Our rating: 2 out of 5
reviewer: Charity Bishop
Many years ago, Dances With Wolves swept the Oscars, thumbed its nose at historians, and became a classic. If you can overlook the historical inaccuracies and content issues, you will enjoy it.
Jon Dunbar (Kevin Cosner) is a lieutenant of the Civil War who has just barely resisted going "under the knife" for a foot infected with gangrene. Limping out of the tent when the doctor's back is turned and stealing a horse, he rides away, determining to kill himself by riding full-force in front of the enemy encampment. But instead of being killed, he is hailed as a hero, since he draws enemy attention and firepower and allows his men to take the opposing force by surprise. In thankfulness, the doctors are ordered to do everything they can to save his life... and his leg. But what's more, he's asked where he would like to be posted next. Desiring to see the prairie "before it's gone," he asks to be sent to the Dakotas. But there's something strange about his post... his guide and the fort commander are odd people, secretive and unwilling to divulge anything, and his commanding officer kills himself after sending Dunbar off on his assignment. Since he was the single figure of authority who knew of Dunbar's destination, the man is "lost" in military records... and no one is sent to join him at the lonely prairie fort.
His one companion is a beautiful gray wolf whom he slowly befriends... but the prairie is a dangerous and deadly place to live, particularly alone. There are the hair-raising Pawnee, who brutalize and scalp pioneers for kicks, the pack of wolves that run the wild, even buffalo who stop for nothing and no one in their way. But soon everything changes when he's introduced to a Sioux Indian tribe... one day while walking, he comes across a young white woman (Mary McDonnell) raised by Indians who is cutting her wrists in a show of mourning for her newly departed husband. In stopping her suicide, he is brought into the tribe and a spark of romance is eventually ignited, changing his life forever...
This film can be summed up in two words -- "politically correct" in all the ways you might imagine -- from the cold, brutal, cruel white men to the liberated Indian women. However, it is an emotionally engaging and ultimately entertaining film that touches on a deeper thread than most westerns. It is an authentic look into the life of the Sioux tribe and does involve some humorous and likable characters. The acting is also terrific, apart from Cosner who has something of a habit of chewing up the screen. Dunbar is rather bland in comparison to the rest of the colorful characters, which include the woman he comes to love and the braves that surround him in the encampment. Even the wolf becomes a character in of itself, which makes his ultimate demise all the more devastating to the audience. It is beautifully scored, photographed, and written, with touching insights into humanity without sugarcoating the difficulties and horrors of frontier life. There were many things I liked about it, but to be honest, also things that I found off-putting. I am an animal lover, and as a warning to other sensitive souls out there -- you are not going to like the emphasis on animal brutality in this film. In addition to the camera panning hundreds of skinned buffalo carcasses left out in the sun to rot, we watch a hunting party take down buffalo with arrows and gunshots. Horses are shot and killed -- one of them is shot multiple times (we see the hits) in the neck, chest, and flank, before it goes down and is left to die in agony. Soldiers shoot at a wolf for fun and kill it. Dunbar spends several days hauling dead deer out of a pond and carting them off.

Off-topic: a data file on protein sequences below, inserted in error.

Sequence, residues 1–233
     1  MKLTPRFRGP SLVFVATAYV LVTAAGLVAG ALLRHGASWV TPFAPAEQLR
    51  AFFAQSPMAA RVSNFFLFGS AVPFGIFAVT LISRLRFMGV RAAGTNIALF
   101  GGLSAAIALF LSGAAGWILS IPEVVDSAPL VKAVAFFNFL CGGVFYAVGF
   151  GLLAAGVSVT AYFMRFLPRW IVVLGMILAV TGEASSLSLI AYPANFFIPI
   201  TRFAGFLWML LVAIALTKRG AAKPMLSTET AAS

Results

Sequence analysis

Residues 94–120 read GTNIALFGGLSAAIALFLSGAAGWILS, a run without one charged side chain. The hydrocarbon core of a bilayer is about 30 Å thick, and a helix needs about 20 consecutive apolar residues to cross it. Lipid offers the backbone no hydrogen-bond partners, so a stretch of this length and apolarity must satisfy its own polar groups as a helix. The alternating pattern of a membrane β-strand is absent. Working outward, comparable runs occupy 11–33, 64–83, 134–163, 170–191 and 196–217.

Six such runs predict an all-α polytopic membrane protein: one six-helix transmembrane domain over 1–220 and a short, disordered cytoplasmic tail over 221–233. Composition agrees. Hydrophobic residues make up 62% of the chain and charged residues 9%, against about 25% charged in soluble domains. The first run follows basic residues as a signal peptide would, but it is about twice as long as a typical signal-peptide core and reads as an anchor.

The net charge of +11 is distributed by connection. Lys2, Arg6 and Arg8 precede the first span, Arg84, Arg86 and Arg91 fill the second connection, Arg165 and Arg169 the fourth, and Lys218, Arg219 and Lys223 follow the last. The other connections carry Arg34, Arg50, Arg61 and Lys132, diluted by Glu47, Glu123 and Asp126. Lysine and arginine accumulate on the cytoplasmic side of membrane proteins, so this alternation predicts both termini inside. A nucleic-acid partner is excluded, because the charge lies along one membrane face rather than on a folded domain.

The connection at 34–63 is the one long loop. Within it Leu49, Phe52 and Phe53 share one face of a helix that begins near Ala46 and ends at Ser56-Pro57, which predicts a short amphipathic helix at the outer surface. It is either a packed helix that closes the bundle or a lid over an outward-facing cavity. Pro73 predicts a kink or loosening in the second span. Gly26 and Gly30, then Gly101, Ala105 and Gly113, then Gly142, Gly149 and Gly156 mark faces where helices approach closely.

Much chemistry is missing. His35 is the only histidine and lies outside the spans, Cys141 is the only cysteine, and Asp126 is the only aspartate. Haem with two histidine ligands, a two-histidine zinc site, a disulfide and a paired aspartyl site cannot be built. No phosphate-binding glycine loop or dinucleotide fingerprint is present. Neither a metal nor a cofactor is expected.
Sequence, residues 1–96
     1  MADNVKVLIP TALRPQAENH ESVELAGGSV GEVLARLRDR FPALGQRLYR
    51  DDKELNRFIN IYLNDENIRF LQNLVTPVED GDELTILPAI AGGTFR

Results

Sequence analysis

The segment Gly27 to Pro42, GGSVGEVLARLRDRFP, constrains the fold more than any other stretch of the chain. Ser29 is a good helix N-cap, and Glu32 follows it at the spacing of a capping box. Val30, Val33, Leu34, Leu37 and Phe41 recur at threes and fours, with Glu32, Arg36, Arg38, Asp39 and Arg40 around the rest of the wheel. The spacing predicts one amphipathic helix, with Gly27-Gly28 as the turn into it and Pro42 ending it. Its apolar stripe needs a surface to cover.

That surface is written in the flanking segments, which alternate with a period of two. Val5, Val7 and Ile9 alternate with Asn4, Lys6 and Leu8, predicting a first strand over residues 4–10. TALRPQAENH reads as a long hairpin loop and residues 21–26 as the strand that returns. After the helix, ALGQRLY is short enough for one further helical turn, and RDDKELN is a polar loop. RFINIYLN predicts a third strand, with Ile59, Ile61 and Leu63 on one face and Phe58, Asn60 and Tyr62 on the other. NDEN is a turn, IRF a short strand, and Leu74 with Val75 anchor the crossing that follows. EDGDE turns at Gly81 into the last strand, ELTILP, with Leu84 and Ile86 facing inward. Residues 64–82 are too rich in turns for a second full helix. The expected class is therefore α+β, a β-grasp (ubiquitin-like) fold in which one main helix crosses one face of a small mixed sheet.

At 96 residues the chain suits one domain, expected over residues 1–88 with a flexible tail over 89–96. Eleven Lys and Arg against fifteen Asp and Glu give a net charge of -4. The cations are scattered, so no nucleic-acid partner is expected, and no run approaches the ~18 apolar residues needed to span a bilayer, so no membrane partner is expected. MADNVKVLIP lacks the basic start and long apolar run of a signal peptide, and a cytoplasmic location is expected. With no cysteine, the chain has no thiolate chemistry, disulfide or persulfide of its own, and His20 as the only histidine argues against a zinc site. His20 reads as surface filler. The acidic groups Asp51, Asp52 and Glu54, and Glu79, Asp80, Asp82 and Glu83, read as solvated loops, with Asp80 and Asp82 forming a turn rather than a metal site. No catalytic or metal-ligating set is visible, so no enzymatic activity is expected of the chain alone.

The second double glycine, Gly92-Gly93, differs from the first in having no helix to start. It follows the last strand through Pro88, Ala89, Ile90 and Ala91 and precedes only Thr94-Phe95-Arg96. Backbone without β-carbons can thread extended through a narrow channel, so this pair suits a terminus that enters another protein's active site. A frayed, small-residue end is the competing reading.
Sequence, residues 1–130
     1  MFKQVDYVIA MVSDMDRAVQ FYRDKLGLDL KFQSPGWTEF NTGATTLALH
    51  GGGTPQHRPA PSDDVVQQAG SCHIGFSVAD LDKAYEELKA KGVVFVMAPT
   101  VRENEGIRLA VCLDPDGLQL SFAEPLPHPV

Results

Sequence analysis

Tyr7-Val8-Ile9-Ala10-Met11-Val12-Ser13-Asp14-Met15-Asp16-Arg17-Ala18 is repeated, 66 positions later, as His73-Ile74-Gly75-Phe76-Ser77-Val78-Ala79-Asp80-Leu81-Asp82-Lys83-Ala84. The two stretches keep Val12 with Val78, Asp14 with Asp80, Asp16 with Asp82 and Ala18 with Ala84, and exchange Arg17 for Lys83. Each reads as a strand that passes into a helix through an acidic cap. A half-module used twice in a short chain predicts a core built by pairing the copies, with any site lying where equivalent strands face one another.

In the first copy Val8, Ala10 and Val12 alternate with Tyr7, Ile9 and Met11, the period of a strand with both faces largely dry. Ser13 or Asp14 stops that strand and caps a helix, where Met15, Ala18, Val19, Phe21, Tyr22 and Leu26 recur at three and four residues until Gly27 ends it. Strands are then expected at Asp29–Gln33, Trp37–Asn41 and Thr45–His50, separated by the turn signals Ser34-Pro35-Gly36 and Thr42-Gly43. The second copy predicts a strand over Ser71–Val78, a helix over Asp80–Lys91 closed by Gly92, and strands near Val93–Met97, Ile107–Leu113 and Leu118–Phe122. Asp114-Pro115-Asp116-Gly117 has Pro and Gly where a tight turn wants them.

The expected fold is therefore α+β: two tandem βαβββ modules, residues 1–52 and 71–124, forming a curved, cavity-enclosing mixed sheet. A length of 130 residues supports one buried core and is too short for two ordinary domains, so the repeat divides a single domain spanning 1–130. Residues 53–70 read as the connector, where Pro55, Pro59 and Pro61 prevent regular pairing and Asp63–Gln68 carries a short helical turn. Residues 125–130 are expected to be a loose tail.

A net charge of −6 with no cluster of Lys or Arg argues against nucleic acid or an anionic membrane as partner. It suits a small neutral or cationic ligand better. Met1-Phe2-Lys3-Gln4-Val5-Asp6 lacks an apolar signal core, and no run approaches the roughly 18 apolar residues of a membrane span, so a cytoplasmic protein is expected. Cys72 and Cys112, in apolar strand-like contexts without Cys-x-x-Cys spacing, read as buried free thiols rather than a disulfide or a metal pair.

These horrific images aside, Dances With Wolves is a very brutal and violent film in general. We see the scalped bodies of settlers along the trail, as well as some actual scalpings (only partially seen) by Pawnee warriors. Battle scenes are graphic, filled with flying arrows and bloody gunfire. A man is rescued from a group of soldiers, all of whom are shot with arrows, drowned, or impaled with tomahawks. A war hospital is strewn with bloodied figures, many of which who are in the process of having body parts amputated. There are frequent harsh abuses of deity, and "God" is sometimes coupled with a profanity; other instances of vulgarities and profanities are used. We see brief backside nudity as Dunbar skinny-dips in the pond and is taken by surprise by intruders; he dashes screaming up the bank. Partial nudity is seen later on as we witness a man relieving himself. There are two scenes of sexual content -- one between an Indian and his wife, and another more graphic one between Dunbar and the woman he loves, prior to their marriage -- much is made of the villagers teasing them about always being in their tent after the wedding. The scene includes partial nudity (all of her bare back, part of her side), and then movement.
This film moves very slowly with long spaces of time in which nothing of significance happens... we watch Dunbar walk around on the prairie, toss meat scraps to the wolf, and repair his house. Yes, it's beautifully filmed and deserves a handful of the Oscars that it received for excellence, but the savagery kind of soured me on the experience.